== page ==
The traditionally used rootstocks (plants from seeds of Castanea sativa born in the same chestnut forest) remain valid in the new plantings that will be done in areas of less risk of damage by ink disease, caused by fungi of the genus Phytophthora. Despite its sensitivity to this disease, they are, in fact, those who allow the grafting of chestnut forests nowadays; including the chestnut forests of central Galicia, in areas with a certain probability of damage by ink disease. In many cases, these rootstocks are descendants of the same grafted variety and, in any case, they belong to the species C. sativa. In this situation, the most common is the compatibility ‘rootstocks/graft’, with or without differences of vigor between both components. Very exaggerated thickenings may be a symptom of incompatibility.
Anyway, due to the high sensitivity to ink disease of C. sativa rootstocks, resistant rootstocks should be used, at least in areas where Phytophthora is more likely to cause damage. This fungus, introduced in Europe many centuries ago from the subtropical areas of Asia, infects root systems of the trees of European chestnut (C. sativa), that tend to end up dying. Asian chestnut species are resistant to ink disease, and that is why during the first decades of the twentieth century, introductions of seeds of Japanese chestnuts (Castanea crenata) and Chinese chestnut (Castanea mollissima) were made. The high graft incompatibility between Asian species and cultivated varieties of European chestnut, led to the initiation, back in 1920, of chestnut hybrids between European and Asian species. Another reason for the hybridization, was the lower resistance to the summer cold and drought of Japanese chestnut, that was the most introduced species. In the market of nursery plants there are available numerous clones resistant to Phytophthora. Most of these are hybrids between Japanese chestnut and European chestnut. Although some of them are compatible to grafting with traditional varieties of C. sativa, it isn’t known the behavior of this aspect of the existing clones in nurseries. By the other hand, it is known that there are important incompatibility issues between C. sativa and a big number of hybrid types C. crenata x C. sativa..
There are a number of propagated clones in private nurseries on which there is positive information of grafting compatibility with varieties of C. sativa. Most tested clones are 7521, 111, 1482, 1483, 2671, 760 and 125. Other available clones into nurseries with some information of good compatibility, although it must be proven, are the clones 3, 7810, 90025, 324 and 592.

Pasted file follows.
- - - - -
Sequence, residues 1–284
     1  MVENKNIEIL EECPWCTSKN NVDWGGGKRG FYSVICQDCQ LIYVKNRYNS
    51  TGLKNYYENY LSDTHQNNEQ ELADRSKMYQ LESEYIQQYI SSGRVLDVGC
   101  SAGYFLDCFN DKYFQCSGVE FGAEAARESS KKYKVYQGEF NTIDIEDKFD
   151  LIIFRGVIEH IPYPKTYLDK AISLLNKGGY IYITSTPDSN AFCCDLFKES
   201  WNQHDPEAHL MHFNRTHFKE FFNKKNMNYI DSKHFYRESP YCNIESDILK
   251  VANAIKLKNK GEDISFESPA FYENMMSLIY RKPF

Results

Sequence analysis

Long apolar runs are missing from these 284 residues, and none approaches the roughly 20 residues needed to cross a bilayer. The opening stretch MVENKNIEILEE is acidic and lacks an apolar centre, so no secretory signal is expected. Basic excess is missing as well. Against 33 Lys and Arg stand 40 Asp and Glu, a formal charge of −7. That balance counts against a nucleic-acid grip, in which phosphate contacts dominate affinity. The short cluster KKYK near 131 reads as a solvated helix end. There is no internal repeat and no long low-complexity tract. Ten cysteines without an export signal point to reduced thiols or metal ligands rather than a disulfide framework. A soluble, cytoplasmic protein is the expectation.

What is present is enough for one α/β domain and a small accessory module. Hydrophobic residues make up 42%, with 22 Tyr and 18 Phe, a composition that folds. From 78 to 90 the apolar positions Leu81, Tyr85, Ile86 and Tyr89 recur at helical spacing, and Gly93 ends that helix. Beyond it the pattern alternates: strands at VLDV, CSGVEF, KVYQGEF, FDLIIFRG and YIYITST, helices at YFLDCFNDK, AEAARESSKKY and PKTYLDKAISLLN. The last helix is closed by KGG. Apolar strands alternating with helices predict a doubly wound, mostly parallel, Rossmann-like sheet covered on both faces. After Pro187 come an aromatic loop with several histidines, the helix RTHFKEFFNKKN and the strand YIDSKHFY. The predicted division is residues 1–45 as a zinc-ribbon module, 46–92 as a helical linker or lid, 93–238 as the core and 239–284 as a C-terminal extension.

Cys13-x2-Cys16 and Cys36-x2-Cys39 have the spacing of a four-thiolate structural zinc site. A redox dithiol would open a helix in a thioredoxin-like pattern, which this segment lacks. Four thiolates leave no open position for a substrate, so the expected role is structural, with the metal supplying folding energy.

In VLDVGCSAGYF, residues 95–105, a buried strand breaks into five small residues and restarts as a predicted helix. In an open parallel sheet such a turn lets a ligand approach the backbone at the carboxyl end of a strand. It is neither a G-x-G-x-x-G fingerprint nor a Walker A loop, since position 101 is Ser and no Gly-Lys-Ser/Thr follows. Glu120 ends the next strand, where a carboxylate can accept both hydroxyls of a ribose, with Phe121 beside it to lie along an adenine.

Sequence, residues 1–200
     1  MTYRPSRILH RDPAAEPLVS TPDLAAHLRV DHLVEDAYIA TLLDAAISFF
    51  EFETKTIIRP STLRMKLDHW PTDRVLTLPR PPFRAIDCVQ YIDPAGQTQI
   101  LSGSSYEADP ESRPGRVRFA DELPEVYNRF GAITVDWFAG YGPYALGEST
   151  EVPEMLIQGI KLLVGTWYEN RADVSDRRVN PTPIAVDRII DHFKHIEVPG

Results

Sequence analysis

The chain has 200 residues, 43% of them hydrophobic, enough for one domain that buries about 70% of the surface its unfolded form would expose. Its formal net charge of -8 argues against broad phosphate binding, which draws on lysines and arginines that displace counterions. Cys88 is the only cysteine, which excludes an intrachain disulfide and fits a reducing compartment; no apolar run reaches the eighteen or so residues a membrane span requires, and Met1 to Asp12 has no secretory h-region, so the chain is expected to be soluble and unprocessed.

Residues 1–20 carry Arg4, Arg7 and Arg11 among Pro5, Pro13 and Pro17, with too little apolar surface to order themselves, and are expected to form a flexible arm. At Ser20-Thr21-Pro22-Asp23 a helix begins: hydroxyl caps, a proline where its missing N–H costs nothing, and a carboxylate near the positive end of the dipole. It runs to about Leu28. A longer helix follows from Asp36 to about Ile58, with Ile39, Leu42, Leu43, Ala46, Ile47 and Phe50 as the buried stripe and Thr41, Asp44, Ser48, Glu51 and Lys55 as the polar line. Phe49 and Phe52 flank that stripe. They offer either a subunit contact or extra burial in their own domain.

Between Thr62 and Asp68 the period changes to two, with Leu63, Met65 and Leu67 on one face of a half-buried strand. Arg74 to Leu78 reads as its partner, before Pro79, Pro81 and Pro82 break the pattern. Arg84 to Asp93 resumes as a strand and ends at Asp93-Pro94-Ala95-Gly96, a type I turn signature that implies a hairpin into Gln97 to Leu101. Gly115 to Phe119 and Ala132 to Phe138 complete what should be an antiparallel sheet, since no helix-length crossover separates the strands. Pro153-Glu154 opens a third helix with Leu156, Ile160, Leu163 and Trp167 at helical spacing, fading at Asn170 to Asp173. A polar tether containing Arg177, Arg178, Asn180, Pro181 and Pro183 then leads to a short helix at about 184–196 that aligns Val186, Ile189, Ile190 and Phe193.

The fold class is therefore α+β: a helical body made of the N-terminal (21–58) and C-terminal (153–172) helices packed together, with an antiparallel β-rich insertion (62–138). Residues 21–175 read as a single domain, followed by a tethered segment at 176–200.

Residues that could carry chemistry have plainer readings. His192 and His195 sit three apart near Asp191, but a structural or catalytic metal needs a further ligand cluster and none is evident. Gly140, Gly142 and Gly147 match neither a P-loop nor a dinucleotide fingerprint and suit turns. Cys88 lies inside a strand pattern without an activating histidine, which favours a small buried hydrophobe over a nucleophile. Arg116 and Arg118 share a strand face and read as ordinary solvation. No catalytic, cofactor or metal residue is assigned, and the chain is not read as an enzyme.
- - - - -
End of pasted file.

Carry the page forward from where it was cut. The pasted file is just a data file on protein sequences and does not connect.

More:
Table 3. Characteristics of clonal rootstocks of the hybrid chestnut.
|Clone||Genealogy||Compatibility to grafting||Intrinsic vigor||Aptitude to vegetative propagation||Resistance|
|Code NPCCL||Name||Forest ‘MB’||Available||Earthing||Propagation by stem cuttings and in vitro culture||Phytophthora||Summer drought||Flooding||Cold|
|CCL-162||7521||x||x||F1(Cc x Cs)||tested||vigorous||very good||acceptable||RR||R||r||R|
|CCL-33||111-1||x||x||F2; BC(Cc x Cs)Cs||tested||moderate||variable||very good||RR||s||r||r|
|CCL-179||1482||x||x||F1(Cc x Cs)||tested||moderate||acceptable||acceptable||RR||–||–||r|
|CCL-180||1483||x||x||F1(Cc x Cs)||tested||moderate||acceptable||acceptable||r||–||–||r|
|CCL-136||2671||x||x||F2; BC(Cc x Cs)Cs||tested||vigorous||variable||very good||r||s||R||R|
|CCL-192||760||x||F1(Cc x Cs)||tested||vigorous||acceptable||good||s||r||R||r|
|CCL-137||125||x||x||F1(Cc x Cs)||tested||moderate||very good||–||ms||–||–||r|
|CCL-184||3||x||x||F1(Cc x Cs)||positive evidences||moderate||very good||acceptable||R||–||–||R|
|CCL-193||7810||x||x||F2; BC(Cc x Cs)xCs||positive evidences s||vigorous||very good||acceptable||R||R||R||r|
|CCL-149||90025||x||x||F1(Cc x Cs)||positive evidences s||vigorous||very good||acceptable||s||R||r||r|
|CCL-181||324||x||F1(Cc x Cs)||positive evidences||–||acceptable||acceptable||R||–||–||r|
|CCL-188||592||x||F2; BC(Cs)||positive evidences||moderate||good||acceptable||R||r||R||–|